Random Act of Kindness
It’s 7:15, Tuesday evening. We’ve just finished a Board Meeting of B1G1 GIVING. We decide to have a B I G latte.
You’ll know that Starbucks refer to their B I G one as a ‘Vente’. But I mistakenly order a ‘Grande’ — their smallest size.
The person taking the order, Akip, calls it to the Barista and then tells me the price, I pay him, he gives me change and then I realise my mistake. But by this time, my ‘Grande’ is on its way.
“Oh, I meant to order a Vente, I got my sizes mixed up,” I say. And I pass across more money to pay for it.
Akip says, “It’s OK. We’ll make a Vente but it’s on us. There’s no need for you to pay more.”
I’m stunned. And I’m stunned because I did not expect that response. I got a Random Act of Kindness.
And I realised then that that is SO much more powerful than if Starbucks had been promoting ‘Order a Grande, get a Vente’. It's more powerful because it is SO unexpected; that’s the crucial point.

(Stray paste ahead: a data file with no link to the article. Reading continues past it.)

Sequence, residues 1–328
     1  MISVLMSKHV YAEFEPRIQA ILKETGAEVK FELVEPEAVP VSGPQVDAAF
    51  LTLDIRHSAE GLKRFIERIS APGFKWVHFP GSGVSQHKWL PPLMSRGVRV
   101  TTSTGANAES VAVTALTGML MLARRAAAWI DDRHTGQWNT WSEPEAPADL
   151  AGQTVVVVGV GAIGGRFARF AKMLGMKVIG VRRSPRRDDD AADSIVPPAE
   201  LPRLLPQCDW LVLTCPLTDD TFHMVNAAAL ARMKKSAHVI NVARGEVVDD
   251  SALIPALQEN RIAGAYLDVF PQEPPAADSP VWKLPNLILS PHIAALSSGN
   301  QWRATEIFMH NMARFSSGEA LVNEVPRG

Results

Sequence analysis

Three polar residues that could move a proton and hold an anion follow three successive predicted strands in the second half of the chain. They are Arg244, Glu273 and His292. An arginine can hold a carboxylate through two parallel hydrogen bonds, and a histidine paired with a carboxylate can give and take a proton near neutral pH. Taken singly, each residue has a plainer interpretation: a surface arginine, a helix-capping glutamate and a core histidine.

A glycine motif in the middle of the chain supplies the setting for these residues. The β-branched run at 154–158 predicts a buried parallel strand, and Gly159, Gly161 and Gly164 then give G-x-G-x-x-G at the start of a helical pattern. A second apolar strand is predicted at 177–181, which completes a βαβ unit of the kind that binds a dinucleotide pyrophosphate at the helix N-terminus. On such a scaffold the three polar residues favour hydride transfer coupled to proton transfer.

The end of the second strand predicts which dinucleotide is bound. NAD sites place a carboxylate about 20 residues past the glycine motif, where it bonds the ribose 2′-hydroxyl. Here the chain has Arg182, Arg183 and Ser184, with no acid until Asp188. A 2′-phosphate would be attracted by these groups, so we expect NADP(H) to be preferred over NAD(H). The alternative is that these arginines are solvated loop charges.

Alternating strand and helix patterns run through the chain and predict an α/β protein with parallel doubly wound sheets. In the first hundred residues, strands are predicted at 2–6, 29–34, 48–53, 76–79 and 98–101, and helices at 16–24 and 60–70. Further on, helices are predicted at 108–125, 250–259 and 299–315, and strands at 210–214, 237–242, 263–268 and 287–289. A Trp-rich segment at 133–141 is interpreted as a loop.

That’s probably why, as well, we’re seeing some interesting additions in the way people are giving now through B1G1. Whereas earlier on, the only way people did the giving was to link it to sales BEFORE the event (for example, as in ‘When you buy this widget, 100 children get access to water’) we’re now seeing more and more people doing it almost as a random act of kindness AFTER the sale.
There are two great examples of it already in the B1G1 site — here’s one where, believe it or not, an orang-utan and a goat feature strongly, and here’s one where coral reef protection gets beautifully linked to planting forests. In all of these cases (and there are many more), people are also using the downloadable ‘Gratitude Certificate’ and then customising it to their special circumstances.
Significantly too, people who research these things tell us that RAKs are becoming more and more important. Of real note is the March 2011 report from Trendwatching.com and the breakthrough research resulting in the SpendShift book by John Gerzema and Michael D'Antonio. You can find a great summary of that right here too.
Random Acts of Kindness look like they may be more frequent and less random this year. And isn’t that just awesome news?